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Scorecards Promised by Raab by Christmas

By November 16, 2021Human Rights, People

The lord chancellor has revealed to MPS that in order to offer rape victims confidence in the current justice system to step forward, criminal justice scorecards will be issued by Christmas.

When thoroughly questioned regarding the route he intends to take to assist prosecution of perpetrators of violence against women and girls, Dominic Raab announced that he also hopes to discourage defence lawyers from the ‘widespread practice’ of advising the accused of choosing to plead guilty once they reach the courts.

In line with the government’s plans to return the amount of rape cases passed through courts to the levels seen back in 2016 by the close of this parliament, performance scorecards were first made public back in June.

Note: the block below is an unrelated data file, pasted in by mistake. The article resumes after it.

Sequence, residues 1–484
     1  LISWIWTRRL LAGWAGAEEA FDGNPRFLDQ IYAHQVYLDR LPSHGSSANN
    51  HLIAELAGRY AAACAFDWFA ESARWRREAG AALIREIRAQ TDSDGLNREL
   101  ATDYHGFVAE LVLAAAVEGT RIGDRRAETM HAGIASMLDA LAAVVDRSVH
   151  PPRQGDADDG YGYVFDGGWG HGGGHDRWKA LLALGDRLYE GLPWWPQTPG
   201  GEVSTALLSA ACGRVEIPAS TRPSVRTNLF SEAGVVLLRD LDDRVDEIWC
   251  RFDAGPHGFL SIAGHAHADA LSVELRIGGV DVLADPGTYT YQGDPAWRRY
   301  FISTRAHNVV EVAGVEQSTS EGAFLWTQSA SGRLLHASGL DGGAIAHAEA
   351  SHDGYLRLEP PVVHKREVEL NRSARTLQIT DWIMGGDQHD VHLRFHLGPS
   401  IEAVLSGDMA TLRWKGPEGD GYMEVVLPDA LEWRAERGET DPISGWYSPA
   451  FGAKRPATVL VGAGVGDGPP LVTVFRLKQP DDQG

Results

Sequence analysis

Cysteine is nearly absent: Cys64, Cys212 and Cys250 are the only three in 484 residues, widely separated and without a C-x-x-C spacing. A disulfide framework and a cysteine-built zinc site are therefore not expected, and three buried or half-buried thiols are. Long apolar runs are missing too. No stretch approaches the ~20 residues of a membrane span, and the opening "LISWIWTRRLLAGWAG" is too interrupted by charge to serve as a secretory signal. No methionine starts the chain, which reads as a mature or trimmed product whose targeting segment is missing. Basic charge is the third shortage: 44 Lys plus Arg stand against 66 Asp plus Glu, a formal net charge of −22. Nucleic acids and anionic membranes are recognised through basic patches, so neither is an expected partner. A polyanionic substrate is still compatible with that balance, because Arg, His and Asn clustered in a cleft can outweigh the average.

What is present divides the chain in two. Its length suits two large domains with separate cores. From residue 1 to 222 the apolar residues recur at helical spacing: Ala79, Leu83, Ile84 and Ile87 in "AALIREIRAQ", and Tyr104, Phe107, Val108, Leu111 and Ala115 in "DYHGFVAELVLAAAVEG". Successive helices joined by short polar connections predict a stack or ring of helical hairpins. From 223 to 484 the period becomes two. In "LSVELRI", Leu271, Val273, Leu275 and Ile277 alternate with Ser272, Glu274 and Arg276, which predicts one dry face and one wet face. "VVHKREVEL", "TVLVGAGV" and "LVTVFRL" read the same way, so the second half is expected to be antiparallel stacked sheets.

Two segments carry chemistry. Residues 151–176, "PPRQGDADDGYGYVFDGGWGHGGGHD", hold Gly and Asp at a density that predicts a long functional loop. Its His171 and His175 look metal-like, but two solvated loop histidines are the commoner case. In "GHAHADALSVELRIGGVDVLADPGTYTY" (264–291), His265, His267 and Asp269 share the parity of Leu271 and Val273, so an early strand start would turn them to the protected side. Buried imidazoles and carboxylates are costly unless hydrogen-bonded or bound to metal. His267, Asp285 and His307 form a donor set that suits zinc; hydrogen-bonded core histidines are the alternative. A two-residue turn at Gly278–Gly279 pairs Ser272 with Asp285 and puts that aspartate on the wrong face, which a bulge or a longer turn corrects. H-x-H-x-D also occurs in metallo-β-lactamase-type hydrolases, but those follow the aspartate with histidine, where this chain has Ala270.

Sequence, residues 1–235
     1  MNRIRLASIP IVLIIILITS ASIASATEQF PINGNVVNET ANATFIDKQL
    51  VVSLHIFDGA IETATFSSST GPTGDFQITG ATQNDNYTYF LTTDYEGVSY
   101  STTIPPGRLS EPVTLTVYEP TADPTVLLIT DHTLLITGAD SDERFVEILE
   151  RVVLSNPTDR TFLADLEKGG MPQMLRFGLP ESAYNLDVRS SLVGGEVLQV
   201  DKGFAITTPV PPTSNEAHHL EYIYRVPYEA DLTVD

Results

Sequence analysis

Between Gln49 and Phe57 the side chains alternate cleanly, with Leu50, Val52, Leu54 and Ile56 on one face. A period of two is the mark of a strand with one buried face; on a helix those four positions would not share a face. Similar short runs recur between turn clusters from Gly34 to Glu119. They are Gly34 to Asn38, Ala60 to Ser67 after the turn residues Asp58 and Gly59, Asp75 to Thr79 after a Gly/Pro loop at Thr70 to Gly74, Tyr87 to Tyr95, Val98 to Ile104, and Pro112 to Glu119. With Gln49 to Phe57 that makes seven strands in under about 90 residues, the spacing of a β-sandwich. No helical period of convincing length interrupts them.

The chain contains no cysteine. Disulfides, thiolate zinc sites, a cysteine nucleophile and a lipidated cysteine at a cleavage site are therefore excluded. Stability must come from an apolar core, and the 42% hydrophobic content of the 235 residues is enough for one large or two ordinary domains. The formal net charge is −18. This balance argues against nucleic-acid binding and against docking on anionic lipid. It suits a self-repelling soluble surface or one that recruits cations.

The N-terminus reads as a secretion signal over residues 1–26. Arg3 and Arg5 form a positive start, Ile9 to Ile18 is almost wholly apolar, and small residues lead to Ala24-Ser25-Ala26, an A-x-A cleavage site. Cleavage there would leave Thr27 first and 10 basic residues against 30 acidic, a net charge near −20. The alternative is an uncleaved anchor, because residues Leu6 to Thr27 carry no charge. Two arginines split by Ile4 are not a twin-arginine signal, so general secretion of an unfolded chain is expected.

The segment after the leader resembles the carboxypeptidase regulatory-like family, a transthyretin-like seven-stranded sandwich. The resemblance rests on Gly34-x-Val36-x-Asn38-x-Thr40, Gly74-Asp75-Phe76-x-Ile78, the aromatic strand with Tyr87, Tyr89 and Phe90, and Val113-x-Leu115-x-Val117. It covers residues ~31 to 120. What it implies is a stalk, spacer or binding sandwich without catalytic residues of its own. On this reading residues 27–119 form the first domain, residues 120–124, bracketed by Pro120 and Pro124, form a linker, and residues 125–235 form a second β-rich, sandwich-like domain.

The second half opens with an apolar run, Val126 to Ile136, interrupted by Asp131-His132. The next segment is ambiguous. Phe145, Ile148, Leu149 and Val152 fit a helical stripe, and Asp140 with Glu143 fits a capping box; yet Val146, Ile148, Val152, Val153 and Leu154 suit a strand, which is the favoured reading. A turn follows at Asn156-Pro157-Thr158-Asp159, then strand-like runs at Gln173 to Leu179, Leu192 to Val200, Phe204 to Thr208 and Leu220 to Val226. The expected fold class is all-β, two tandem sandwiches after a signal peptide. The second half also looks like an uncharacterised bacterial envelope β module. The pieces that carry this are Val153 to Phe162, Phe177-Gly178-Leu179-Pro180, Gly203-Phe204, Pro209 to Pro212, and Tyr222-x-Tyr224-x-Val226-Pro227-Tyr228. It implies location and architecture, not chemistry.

Raab notified the House of Commons that his department would publish scorecards not only for general crime, but specifically for rape, to monitor performance at every stage in the system. ‘That will help to spur an increase in performance, which will give victims the confidence to come forward and get prosecutions to court,’ he stated.

‘It will be important when we publish the criminal justice scorecards for rape that we can see not just at a national level, but – in due course, following that – at a local level, which areas are getting it right and why those other places are not following best practice, and that we ensure we can correct the gaps.’

Section 28 pre-recorded cross-examinations for endangered victims and witnesses has been undergoing trials by the government.  

When questioned when section 28 procedures will be prolonged nationally, Raab commented: ‘That is incredibly important not only for the victims of rape, but for other vulnerable victims. The evidence so far from the pilots and the trials needs to be gleaned and carefully evaluated, but I can tell my honourable friend that this is something that I want to look at very carefully not just because of the ability to secure a more effective prosecution, but to deter defence lawyers from perhaps not the universal practice, but certainly the widespread practice of encouraging the accused to wait until the moment in court before they take the decision on whether to plead guilty.’

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